Permeability Modification Using a Reactive Alkaline-Soluble Biopolymer

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Polymer injection has been used in reservoirs to alleviate contrasting permeability zones. Current technology relies on the use of cross-linking agents to initiate gelation. The use of biological polymers are advantageous in that they can block high permeability areas, are environmentally friendly, and have potential to form reversible gels without the use of hazardous cross-linkers. Recent efforts at the Idaho National Engineering and Environmental Laboratory (INEEL) have produced a reactive alkaline-soluble biopolymer from Agrobacterium sp. ATCC no. 31749 that gels upon decreasing the pH of the polymeric solution. The focus of this study was to determine the impact an alkaline-soluble ... continued below

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Fox, Snadra L.; Xie, X.; Schaller, K. D.; Robertson, E. P. & Bala, G. A. October 1, 2003.

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Description

Polymer injection has been used in reservoirs to alleviate contrasting permeability zones. Current technology relies on the use of cross-linking agents to initiate gelation. The use of biological polymers are advantageous in that they can block high permeability areas, are environmentally friendly, and have potential to form reversible gels without the use of hazardous cross-linkers. Recent efforts at the Idaho National Engineering and Environmental Laboratory (INEEL) have produced a reactive alkaline-soluble biopolymer from Agrobacterium sp. ATCC no. 31749 that gels upon decreasing the pH of the polymeric solution. The focus of this study was to determine the impact an alkaline-soluble biopolymer can have on sandstone permeability. Permeability modification was investigated by injecting solubilized biopolymer into Berea sandstone cores and defining the contribution of pH, salt, temperature, and Schuricht crude oil on biopolymer gelation. The biopolymer was soluble in KOH at a pH greater than 11.4 and gelled when the pH dropped below 10.8. The Berea sandstone core buffered the biopolymer solution, decreasing the pH sufficiently to form a gel, which subsequently decreased the permeability. The effluent pH of the control cores injected with 0.01 {und M} KOH (pH 12.0) and 0.10{und M} KOH (pH 13.0) decreased to 10.6 and 12.7, respectively. The permeability of the sandstone core injected with biopolymer was decreased to greater than 95% of the original permeability at 25 C in the presence of 2% NaCl, and Schuricht crude oil; however, the permeability increased when the temperature of the core was increased to 60 C. Residual resistance factors as high as 792 were seen in Berea cores treated with biopolymer. The buffering capacity of sandstone has been demonstrated to reduce the pH of a biopolymer solution sufficiently to cause the polymer to form a stable in-situ gel. This finding could potentially lead to alternate technology for permeability modification, thus extending the life of a reservoir and preventing premature abandonment.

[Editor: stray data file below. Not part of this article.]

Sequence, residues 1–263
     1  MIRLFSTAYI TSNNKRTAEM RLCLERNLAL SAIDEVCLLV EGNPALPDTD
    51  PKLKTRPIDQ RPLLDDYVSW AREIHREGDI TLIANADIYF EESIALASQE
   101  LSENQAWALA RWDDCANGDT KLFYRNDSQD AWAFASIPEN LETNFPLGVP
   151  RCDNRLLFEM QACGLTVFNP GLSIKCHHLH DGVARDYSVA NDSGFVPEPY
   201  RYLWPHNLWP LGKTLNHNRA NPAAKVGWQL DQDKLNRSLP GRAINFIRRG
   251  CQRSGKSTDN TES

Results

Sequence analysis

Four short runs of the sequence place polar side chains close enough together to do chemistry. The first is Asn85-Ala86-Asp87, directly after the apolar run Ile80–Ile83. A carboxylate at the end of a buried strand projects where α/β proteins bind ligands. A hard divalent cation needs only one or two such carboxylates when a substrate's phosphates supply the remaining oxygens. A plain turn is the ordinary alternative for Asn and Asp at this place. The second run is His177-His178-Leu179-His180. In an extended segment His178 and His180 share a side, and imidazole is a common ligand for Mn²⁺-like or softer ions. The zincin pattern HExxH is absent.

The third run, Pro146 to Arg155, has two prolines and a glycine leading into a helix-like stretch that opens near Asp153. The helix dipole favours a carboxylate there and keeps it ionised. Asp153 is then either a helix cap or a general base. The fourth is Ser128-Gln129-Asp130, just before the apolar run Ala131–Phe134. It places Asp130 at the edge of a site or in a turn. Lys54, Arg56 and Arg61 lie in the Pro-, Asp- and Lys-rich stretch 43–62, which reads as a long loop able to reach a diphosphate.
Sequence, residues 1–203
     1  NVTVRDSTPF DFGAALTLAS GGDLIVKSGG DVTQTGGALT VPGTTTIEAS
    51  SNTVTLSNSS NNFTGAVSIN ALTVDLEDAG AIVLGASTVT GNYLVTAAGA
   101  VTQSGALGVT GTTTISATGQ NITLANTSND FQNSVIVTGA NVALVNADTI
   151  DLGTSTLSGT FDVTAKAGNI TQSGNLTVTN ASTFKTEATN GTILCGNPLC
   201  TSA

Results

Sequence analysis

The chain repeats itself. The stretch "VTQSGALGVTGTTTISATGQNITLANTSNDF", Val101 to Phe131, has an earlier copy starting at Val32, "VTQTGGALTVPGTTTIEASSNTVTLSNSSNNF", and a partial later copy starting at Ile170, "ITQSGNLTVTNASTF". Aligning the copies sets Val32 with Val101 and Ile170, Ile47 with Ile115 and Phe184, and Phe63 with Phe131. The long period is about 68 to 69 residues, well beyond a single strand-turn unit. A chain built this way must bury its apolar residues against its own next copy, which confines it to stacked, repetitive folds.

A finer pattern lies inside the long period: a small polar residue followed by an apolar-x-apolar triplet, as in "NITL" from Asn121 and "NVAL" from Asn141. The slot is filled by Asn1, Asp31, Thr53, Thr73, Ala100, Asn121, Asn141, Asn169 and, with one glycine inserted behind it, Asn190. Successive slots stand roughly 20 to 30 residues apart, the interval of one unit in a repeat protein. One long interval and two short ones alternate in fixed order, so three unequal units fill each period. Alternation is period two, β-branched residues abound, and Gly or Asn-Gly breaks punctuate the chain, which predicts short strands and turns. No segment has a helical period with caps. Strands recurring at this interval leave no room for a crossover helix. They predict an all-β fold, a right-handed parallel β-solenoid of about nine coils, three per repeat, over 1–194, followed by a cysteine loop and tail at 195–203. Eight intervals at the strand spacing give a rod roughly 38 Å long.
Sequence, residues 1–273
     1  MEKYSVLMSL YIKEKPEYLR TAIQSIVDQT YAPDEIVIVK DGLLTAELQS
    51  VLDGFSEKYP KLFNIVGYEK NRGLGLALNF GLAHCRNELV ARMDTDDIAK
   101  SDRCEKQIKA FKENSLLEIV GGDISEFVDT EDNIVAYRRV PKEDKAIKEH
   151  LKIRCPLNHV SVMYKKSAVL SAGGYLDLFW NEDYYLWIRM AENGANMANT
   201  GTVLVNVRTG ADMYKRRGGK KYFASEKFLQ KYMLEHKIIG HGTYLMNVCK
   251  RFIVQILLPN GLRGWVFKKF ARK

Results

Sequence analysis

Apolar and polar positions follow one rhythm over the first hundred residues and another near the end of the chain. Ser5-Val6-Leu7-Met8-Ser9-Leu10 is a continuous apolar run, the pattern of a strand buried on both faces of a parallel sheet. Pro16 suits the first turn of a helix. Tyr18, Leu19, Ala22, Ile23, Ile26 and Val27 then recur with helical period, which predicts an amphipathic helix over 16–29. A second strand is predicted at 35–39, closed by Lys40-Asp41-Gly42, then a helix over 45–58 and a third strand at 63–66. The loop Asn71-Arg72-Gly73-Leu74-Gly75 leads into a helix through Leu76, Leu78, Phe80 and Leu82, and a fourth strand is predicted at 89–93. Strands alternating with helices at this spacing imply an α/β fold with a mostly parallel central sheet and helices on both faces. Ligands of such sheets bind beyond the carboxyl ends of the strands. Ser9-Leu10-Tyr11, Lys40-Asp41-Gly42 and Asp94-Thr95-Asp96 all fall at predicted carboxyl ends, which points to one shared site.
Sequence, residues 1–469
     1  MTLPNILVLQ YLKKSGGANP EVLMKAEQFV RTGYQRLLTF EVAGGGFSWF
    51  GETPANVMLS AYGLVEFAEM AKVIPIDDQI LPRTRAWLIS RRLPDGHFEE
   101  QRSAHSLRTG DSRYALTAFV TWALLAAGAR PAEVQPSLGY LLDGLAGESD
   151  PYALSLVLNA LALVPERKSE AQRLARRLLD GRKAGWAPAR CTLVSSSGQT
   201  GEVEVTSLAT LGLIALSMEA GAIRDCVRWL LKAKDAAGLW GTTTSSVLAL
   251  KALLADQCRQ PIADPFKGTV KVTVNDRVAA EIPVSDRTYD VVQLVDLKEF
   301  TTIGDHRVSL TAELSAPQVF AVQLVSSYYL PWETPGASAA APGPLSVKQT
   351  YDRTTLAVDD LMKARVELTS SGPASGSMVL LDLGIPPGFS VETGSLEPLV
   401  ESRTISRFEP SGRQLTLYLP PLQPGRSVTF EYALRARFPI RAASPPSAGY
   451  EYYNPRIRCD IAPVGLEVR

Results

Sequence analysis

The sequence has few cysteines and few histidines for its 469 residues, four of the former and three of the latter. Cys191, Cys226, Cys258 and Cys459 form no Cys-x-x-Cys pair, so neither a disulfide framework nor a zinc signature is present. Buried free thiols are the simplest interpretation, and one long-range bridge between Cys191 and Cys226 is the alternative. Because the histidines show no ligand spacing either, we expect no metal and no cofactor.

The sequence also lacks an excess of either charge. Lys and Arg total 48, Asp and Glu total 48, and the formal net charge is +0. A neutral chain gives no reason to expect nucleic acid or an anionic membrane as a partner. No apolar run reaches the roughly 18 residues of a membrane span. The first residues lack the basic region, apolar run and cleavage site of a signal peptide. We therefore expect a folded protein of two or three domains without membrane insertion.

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  • Report No.: INEEL/EXT-03-01243
  • Grant Number: DE-AC07-99ID-13727
  • DOI: 10.2172/910609 | External Link
  • Office of Scientific & Technical Information Report Number: 910609
  • Archival Resource Key: ark:/67531/metadc888889

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  • October 1, 2003

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  • Sept. 22, 2016, 2:13 a.m.

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  • Oct. 18, 2016, 7:15 p.m.

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Fox, Snadra L.; Xie, X.; Schaller, K. D.; Robertson, E. P. & Bala, G. A. Permeability Modification Using a Reactive Alkaline-Soluble Biopolymer, report, October 1, 2003; [Idaho Falls, Idaho]. (digital.library.unt.edu/ark:/67531/metadc888889/: accessed September 20, 2017), University of North Texas Libraries, Digital Library, digital.library.unt.edu; crediting UNT Libraries Government Documents Department.